A federal appeals court on Monday upheld a $28.1 million judgment awarded to six people who were wrongfully convicted of murder in one of the nation’s largest false-confession cases, a ruling that could force a Nebraska county closer to bankruptcy.
A three-judge panel of the 8th U.S. Circuit Court of Appeals declined to overturn the jury’s 2016 verdict against Gage County and two former law enforcement officials. The ruling could create major financial problems for rural Gage County, which collects about $8 million a year in taxes and hired a bankruptcy attorney shortly after the verdict.
The appeals court, which has reviewed the case before, said it saw no reason to overturn the jury’s verdict and described the case as an example of egregious law enforcement conduct.
“After multiple, meticulous reviews of the evidence presented, we have recognized this case as an example of such conduct and a jury has agreed,” wrote Judge Bobby Shepard.
County officials will likely appeal the decision to the full appeals court, said Myron Dorn, the county board’s chairman. Dorn said filing for Chapter 9 bankruptcy is “definitely one of the many options” for the county if it continues to lose in court. Gage County has an estimated 22,000 residents and a tax base that relies heavily on farmland in the southeastern corner of the state.
The Gage County Board of Supervisors has scheduled an emergency meeting Wednesday morning to discuss how to proceed.
Dorn said the county has also hired insurance attorneys who are also trying to prove that the county’s insurer at the time is liable for the damages, a claim the insurance company has denied. County officials may also approach state lawmakers and Gov. Pete Ricketts for financial aid, although previous attempts have failed. Additionally, Dorn said the county might try to reach a settlement for a lesser amount.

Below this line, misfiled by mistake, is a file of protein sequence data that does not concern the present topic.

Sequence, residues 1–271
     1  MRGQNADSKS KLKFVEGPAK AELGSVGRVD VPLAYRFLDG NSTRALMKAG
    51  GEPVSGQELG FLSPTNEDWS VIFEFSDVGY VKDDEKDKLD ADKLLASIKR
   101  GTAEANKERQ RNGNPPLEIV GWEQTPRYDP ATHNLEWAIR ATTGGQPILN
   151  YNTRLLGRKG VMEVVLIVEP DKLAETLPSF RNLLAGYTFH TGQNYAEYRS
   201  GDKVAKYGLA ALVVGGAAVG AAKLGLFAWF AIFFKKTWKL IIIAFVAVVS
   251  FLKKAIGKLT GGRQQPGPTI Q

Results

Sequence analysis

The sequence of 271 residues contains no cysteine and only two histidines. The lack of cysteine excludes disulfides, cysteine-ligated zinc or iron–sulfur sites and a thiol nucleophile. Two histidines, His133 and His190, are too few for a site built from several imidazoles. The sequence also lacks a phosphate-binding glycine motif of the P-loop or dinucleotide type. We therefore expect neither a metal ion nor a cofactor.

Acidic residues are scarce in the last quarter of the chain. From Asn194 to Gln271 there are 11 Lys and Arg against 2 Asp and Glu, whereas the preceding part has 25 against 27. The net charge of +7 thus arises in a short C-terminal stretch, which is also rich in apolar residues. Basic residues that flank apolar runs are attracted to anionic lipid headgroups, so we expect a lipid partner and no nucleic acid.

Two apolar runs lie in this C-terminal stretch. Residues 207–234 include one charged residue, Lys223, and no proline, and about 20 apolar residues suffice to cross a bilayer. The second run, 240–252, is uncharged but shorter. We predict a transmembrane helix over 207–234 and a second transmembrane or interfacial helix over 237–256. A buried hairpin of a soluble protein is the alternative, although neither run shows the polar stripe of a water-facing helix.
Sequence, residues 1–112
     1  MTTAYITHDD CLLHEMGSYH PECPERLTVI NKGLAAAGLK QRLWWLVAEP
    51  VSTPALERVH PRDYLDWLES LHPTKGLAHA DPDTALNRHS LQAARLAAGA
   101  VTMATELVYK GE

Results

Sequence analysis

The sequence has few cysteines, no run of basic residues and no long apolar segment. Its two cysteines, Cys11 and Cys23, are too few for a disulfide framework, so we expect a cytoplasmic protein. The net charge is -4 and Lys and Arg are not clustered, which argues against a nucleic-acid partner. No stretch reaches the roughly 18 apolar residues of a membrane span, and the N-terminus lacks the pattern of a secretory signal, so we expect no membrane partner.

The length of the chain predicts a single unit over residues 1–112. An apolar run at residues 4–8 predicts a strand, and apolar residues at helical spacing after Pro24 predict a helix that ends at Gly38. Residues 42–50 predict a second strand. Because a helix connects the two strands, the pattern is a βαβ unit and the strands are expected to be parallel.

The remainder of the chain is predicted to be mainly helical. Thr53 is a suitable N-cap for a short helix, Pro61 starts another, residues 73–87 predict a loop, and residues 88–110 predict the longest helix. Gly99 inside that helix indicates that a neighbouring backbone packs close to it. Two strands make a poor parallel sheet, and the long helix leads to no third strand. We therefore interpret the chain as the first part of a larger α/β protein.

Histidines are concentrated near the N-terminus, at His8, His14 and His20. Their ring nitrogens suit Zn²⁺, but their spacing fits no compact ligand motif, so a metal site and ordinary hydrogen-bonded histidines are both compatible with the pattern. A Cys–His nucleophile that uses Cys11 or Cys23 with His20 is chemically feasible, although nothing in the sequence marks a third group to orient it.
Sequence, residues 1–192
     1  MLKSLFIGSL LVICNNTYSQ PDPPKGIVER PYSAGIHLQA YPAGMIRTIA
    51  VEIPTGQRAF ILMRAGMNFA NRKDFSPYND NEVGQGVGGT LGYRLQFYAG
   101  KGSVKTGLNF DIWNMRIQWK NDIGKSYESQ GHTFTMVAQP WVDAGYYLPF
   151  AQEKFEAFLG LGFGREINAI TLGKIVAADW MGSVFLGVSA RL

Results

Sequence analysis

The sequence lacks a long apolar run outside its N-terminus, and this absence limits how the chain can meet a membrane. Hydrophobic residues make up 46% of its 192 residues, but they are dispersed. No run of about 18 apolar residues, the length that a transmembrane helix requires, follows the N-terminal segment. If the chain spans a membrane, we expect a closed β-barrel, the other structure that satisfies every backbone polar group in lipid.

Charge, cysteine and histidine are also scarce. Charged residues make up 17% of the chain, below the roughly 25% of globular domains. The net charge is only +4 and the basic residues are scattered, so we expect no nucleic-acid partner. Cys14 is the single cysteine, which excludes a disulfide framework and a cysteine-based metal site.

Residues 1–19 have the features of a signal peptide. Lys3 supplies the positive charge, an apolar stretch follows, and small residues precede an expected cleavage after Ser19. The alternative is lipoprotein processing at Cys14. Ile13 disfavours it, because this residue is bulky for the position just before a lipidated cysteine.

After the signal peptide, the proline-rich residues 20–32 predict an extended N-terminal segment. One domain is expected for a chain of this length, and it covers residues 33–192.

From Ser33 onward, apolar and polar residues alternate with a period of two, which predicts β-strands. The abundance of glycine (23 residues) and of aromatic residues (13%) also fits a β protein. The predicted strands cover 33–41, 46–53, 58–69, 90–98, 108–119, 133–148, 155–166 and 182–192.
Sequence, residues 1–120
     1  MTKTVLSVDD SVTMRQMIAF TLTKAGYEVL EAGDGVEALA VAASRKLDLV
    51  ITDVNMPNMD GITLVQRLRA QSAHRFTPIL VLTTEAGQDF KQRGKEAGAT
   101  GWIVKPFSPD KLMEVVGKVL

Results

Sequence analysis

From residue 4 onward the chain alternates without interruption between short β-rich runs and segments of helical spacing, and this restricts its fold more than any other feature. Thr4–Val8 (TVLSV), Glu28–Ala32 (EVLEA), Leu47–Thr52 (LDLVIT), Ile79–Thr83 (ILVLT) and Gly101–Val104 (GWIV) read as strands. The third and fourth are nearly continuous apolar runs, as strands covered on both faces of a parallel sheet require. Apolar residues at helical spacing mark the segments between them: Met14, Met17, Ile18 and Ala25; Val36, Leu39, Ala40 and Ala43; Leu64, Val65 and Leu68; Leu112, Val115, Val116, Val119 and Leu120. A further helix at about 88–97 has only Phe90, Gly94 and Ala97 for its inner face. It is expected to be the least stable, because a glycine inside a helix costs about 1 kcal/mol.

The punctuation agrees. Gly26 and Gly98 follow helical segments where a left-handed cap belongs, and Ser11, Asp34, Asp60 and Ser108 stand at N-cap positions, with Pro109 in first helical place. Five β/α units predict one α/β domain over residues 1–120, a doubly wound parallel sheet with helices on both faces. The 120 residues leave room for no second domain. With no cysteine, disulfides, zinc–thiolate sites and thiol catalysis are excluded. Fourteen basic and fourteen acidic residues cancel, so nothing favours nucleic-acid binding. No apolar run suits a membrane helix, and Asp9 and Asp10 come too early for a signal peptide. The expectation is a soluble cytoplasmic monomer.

“There are a lot of options out there that we’ll be discussing,” he said. “Unfortunately, some of this is going to take some time.”
The verdict was awarded to the Beatrice Six for their wrongful convictions in the 1985 rape and killing of 68-year-old Helen Wilson. They spent more than 75 years combined in prison until DNA evidence cleared them in 2008. Wilson’s death has since been linked to Bruce Allen Smith, who grew up in Beatrice, returned to the town days before the slaying, then quickly went back to his home in Oklahoma City. Smith died in 1992.
The lawsuit alleged that law enforcement officials recklessly strove to close the case despite contradictory evidence and coerced false confessions. The three people who gave false confessions Ada JoAnn Taylor, James Dean and Debra Shelden all had histories of psychological problems.
After the first trial ended in a mistrial in 2015, the 8th Circuit ruled that there was substantial evidence to support allegations that Gage County officials conspired to convict the six people. That included evidence that investigators conducted unreported interrogations, ignored verifiable alibis and suggested that three of the six had repressed memories of the crime.
Jeffry Patterson, an attorney for four of the six who were wrongfully accused, said his clients were pleased with the verdict “and want to move forward” to collect the money owed to them.